Quite a bit of my time was spent working with a team assembled on the first day on a project to simplify mobile giving. I won’t describe the final output as there’s a great blog post about Pass the App here. What I wanted to share is the striking difference it made by considering the problem from a platform perspective.

Thinking from a platform perspective really focuses you on the purpose and key features you need. A platform isn’t (primarily) a perfectly designed end consumer product in itself – it’s a tool that others can use to build their own version of something. This gives you an objectivity that quite often gets lost in projects where you’re building the finished public facing website or app.

I found focusing on empowering others through a platform is hugely empowering in itself!


As an aside: I also spoke to SourceFabric about why I was at Mozfest from UNICEF UK. Excuse the Ummms.

digital transformation in action

For the last two years I’ve been leading UNICEF UK on a journey to become digital first, something the org committed to in 2010/2011 as part of the 5 year strategic plan.

I’ve spoken and written about our digital transformation journey a few times. I’ve also chatted to a few people from different charities who are considering their own journey. When I’m asked what my top tips are I typically highlight two things:

Don’t underestimate your own preciousness

You need to empower everyone to use digital channels and ways of working, letting some mistakes happen or project timings extend. Letting go can be hard if you’re used to being the direct deliverer with a level of specialism that has taken years to acquire. It can also be hard for an organisation to take a possible hit on quantity and/or quality while the learning curve takes over.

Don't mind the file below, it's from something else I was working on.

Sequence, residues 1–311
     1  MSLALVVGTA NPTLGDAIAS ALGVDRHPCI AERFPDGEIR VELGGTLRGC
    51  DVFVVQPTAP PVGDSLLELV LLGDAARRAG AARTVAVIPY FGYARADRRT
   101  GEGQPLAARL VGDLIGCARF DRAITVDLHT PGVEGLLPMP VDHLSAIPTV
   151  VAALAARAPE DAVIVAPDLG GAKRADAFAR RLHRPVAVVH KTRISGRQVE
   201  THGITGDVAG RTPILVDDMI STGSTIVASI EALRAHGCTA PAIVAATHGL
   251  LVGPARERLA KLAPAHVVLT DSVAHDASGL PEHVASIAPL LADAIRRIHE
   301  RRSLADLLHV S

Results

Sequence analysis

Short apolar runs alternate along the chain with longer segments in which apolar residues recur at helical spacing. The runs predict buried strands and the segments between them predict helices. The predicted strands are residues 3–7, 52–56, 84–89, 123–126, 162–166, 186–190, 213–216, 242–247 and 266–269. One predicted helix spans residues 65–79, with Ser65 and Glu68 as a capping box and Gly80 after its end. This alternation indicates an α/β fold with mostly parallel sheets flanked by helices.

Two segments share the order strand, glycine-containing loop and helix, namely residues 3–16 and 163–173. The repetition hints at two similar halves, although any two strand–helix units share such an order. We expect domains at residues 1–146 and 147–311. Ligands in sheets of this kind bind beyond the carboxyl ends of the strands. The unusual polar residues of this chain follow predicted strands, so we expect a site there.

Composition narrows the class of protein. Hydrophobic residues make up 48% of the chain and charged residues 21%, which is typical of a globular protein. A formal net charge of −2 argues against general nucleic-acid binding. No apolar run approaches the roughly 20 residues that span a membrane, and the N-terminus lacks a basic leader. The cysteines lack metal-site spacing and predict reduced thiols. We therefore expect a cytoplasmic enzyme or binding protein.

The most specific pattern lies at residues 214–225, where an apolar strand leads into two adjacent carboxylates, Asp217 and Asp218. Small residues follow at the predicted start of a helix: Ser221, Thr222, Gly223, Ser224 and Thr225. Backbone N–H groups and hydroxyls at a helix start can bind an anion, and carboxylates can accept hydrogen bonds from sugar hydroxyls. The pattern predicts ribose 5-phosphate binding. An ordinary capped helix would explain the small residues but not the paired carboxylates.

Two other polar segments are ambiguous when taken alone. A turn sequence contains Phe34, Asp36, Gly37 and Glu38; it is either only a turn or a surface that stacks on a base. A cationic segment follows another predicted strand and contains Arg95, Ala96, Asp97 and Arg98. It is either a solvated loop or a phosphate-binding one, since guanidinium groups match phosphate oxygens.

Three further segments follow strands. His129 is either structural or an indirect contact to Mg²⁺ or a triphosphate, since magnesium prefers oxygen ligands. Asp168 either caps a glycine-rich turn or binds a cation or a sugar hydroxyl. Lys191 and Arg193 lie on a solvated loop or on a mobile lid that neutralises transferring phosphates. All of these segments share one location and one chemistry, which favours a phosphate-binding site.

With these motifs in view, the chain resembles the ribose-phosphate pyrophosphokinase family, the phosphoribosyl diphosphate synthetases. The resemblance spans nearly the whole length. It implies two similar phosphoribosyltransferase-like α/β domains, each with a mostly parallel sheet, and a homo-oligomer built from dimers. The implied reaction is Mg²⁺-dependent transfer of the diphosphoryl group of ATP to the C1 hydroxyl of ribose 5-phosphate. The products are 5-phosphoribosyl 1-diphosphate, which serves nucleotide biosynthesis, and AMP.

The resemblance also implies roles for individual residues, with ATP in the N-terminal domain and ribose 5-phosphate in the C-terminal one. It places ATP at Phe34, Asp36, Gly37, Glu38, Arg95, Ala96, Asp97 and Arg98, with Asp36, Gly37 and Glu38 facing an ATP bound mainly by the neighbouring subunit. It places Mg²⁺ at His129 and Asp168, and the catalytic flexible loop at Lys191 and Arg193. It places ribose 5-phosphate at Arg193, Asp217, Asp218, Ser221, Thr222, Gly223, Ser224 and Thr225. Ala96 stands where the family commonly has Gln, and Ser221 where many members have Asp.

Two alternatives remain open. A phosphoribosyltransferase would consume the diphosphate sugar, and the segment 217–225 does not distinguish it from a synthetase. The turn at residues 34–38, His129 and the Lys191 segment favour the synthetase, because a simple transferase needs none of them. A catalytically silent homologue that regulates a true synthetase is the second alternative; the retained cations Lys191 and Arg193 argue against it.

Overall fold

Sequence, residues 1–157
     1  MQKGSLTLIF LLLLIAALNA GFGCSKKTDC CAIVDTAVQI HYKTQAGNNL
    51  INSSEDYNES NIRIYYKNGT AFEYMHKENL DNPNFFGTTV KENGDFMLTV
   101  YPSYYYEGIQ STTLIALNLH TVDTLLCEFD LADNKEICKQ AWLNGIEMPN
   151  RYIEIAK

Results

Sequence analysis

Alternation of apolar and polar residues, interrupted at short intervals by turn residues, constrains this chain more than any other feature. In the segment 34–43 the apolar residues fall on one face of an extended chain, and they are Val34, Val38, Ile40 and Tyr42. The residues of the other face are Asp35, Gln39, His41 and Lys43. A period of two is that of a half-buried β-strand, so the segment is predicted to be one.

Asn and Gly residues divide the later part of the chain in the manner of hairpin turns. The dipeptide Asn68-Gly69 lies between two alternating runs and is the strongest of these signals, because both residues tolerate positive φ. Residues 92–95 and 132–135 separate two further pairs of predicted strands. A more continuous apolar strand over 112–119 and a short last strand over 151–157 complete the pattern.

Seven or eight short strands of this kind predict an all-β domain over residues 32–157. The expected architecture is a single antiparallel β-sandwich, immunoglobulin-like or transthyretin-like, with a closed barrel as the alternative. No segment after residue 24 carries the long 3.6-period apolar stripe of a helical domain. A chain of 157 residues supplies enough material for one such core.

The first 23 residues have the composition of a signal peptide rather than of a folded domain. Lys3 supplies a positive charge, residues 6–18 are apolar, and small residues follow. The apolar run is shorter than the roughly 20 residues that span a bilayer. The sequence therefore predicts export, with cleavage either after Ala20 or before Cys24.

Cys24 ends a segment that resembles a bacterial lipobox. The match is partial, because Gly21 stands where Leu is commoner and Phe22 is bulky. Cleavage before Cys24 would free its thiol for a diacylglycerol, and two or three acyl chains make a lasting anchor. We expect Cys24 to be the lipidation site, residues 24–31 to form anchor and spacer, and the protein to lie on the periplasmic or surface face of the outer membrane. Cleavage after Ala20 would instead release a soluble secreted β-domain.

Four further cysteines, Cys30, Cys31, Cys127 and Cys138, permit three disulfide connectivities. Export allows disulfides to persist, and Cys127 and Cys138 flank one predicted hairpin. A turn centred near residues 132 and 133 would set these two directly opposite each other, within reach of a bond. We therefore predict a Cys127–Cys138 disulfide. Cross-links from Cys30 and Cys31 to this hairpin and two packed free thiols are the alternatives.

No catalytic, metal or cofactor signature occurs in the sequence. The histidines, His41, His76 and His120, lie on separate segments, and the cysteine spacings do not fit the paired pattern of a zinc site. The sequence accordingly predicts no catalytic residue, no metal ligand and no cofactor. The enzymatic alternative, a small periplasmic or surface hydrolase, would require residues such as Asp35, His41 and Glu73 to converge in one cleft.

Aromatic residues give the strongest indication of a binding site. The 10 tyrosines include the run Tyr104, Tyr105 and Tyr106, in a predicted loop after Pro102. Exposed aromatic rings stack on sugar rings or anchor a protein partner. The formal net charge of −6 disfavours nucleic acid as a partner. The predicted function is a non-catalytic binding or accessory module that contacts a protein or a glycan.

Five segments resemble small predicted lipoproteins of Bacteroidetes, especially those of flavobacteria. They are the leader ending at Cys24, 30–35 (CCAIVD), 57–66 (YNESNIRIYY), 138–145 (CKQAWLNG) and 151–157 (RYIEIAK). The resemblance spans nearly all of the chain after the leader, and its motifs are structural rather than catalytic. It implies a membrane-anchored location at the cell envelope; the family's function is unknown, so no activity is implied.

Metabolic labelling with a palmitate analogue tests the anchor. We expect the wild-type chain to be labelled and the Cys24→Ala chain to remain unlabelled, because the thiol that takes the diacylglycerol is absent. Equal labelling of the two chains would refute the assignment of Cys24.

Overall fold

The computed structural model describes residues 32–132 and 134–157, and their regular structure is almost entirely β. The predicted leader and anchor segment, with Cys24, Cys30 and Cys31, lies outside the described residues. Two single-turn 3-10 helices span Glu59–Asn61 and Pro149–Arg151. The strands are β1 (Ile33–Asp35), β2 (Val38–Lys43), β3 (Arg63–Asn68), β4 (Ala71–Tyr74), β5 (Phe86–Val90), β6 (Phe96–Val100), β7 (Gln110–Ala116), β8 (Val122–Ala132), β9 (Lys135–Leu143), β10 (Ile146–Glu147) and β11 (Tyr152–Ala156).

You just have to let go – letting others learn through doing is critical for change to happen.

Be prepared to sacrifice short-term wins for long-term gain

Transformation is a long journey – this is often at odds with the usual character type in digital. We’re enticed by the almost overwhelming industry speed and we tend to see new opportunities and quick wins everywhere. I’m sure I could spend my entire time bringing great results through fixing and activating new things.

You need to focus on getting the long-term infrastructure (tools, skills and behaviours) in place. This isn’t the kind of stuff that shows immediate results and with finite resources you have to make a choice.


Now we’re a couple of years into our journey we’re taking a hard look at how far we’ve gone and what the next phase is. If you have 10 mins please take our survey.

Watch this space …

UNICEF UK mobile and digital talk at Institute of Fundraising convention

I spoke at the IOF National Convention today. If you missed it and are interested – here’s the slides and there’s also a storify one of the audience put together. Note: I’m not responsible for typos in the storify 😉

preparing your website for a high traffic TV event like Soccer Aid